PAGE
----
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VOL. 37 | NO. 23 | Friday, June 07, 2013
Judge derails state worker layoffs
NASHVILLE (AP) - A Davidson County judge has issued an order, preventing state government from laying off more than 200 workers this month.
After the administration of Gov. Bill Haslam notified employees they were being laid off, the Tennessee State Employees Association and a group of individual state workers filed suit.
According to the Chattanooga Times Free Press (http://bit.ly/12CVHzr), Circuit Court Judge Amanda McClendon granted the employees' request for a temporary restraining order on Monday afternoon. She has scheduled a hearing for this coming Monday.
The lawsuit contends the state failed to provide career counseling, job testing and placement efforts, as required by law.
TSEA Executive Director Robert O'Connell said last-minute meetings with state officials, including Human Resources Commissioner Rebecca Hunter, were not fruitful, so the group filed the lawsuit with what O'Connell called great reluctance.
"We don't like to sue the state," O'Connell said. "It was only because we weren't getting anywhere."
Halam's office declined comment. The governor's spokeswoman, Alexia Poe said by email that comment on pending litigation would be inappropriate.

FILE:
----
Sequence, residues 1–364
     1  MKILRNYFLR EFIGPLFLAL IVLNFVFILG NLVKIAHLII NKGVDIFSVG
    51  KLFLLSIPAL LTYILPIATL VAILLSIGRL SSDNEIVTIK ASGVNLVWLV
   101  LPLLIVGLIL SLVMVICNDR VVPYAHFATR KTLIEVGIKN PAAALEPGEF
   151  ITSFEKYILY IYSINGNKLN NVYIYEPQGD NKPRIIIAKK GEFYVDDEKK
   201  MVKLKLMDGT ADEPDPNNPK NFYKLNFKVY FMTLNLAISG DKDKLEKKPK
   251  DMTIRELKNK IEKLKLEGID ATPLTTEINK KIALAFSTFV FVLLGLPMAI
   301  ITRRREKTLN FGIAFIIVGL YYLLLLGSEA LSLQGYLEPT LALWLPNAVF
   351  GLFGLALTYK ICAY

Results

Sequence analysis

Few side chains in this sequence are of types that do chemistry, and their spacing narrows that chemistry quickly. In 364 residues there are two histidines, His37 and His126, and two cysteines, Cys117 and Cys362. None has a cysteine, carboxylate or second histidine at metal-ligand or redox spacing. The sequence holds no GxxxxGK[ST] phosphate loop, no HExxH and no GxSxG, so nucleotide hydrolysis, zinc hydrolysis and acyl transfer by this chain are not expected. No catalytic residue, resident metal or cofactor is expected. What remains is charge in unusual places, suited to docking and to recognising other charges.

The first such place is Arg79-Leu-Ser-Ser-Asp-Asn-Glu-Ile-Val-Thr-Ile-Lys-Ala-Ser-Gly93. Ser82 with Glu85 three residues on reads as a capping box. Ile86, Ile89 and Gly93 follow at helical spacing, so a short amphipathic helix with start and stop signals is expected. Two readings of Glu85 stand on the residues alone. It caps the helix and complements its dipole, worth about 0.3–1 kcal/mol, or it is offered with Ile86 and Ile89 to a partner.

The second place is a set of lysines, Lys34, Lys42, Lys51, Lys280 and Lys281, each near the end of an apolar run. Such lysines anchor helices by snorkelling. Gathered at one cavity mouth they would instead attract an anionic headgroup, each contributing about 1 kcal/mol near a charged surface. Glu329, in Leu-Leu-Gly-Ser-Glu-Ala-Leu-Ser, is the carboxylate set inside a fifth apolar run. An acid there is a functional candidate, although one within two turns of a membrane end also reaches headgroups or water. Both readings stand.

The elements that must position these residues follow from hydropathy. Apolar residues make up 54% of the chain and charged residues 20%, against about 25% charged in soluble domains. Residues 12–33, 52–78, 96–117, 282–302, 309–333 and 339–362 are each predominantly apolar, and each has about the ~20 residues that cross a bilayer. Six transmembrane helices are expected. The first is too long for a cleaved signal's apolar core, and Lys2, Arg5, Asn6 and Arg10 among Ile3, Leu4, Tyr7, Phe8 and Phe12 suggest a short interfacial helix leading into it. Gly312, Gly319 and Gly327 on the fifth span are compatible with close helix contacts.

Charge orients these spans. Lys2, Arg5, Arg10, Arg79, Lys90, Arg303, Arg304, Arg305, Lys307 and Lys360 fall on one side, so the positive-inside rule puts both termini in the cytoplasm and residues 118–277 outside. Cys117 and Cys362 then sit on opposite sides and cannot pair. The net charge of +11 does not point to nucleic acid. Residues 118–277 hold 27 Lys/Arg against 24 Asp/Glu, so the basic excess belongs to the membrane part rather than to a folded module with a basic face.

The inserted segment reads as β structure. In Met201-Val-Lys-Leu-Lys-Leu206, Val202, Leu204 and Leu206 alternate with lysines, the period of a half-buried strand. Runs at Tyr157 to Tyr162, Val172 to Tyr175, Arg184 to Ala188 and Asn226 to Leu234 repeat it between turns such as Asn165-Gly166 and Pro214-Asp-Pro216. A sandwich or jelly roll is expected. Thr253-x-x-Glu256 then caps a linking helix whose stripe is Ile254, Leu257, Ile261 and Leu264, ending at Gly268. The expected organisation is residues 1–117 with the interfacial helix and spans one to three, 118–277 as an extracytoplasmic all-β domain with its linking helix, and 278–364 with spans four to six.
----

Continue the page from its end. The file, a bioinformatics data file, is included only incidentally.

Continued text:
State employees said that on May 9, the Department of Human Resources took down the Neogov online service that employees must use to find job openings and apply for them.
Hiring is now frozen and the site doesn't come back up until June 19. That will be a day after 72 state Labor and Workforce Development workers are scheduled to lose their jobs. They were notified on April 19 that they were being laid off.
There are another 126 workers in the Department of General Services, who were told April 25 they would lose their jobs on June 28. That's because the state is outsourcing management and maintenance of state office buildings to Jones Lang LaSalle, a real estate services firm, based in Chicago.
Nashville att orney Larry Woods said the suit seeks to prevent the Haslam administration from dismissing or terminating any state employees in the current reduction-in-force actions "unless they receive 60 days of career counseling, job testing and placement" services.
John McManus, a spokesman for Hunter, said last week that officials took down the website for long-planned "adjustments."
"In preparation, advanced notice of the suspension was provided and the department posted on our website 699 available jobs open for hire," he said in an email.